In our many investigations into misconduct and harassment allegations, a regular issue is when a colleague makes comments about another colleague’s appearance.
Those remarks are often intended to be complimentary but can make the recipient of those remarks to feel ‘othered’.
This is a word that we are increasingly seeing in our interviews and it raises an interesting point.
Compliment or Criticism?
If a male manager comments regularly on how a female colleagues is dressed, their hair, or whether they have lost weight, that manager may well say that they intended it to be received as a positive thing.
However, if the manager doesn’t also comment on any male colleagues’ appearance then there is real risk that the female recipients of his comments could feel singled out, embarrassed or offended, particularly if the comments are made in front of a group of other people.
We recently did an investigation where something similar to the above happened. Whilst the comment in question was intended to be a compliment, in the mind of the recipient it merely served to highlight how something about her appearance was different to all of the other colleagues present.
What Are the Limitations of Behavioural Policies?
These examples show the limits of policies, as it is very difficult to draft a policy that covers every eventuality. Who would have thought for instance that you would need to specifically deal with looking at pornography whilst sat in the House of Commons?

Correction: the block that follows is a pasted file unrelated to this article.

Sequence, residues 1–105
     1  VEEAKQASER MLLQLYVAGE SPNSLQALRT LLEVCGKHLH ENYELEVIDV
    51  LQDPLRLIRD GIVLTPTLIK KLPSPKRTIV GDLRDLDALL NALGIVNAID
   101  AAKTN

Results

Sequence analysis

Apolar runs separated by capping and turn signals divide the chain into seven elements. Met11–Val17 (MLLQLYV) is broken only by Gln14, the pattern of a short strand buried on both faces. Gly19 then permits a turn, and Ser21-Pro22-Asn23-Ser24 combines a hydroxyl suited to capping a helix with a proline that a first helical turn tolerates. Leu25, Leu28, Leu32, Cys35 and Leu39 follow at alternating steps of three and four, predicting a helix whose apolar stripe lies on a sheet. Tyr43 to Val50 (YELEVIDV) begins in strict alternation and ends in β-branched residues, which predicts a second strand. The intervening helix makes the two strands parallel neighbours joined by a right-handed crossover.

If you do try to cover every possible eventuality in a policy then you will soon find that the policy will become very long and unwieldy and it will probably put a lot of employees off from reading it.
Experience also says that as soon as you finish a policy like that and press print or post it on your intranet, then you’ll want to add to it – it will never stop growing.
What’s a Better Approach?
In a word: training. You should train your staff on the approach you want them to take, giving them examples of the sort of conduct mentioned above. You should then ask them to reflect on how it would make them feel if a colleague commented just on their appearance on a regular basis.
We tend to find that taking that approach and getting the delegates to consider the impact of certain behaviours can result in longer lasting changes in behaviours. Those changes will be much more effective than simply handing them a lengthy policy and asking them to read and digest it.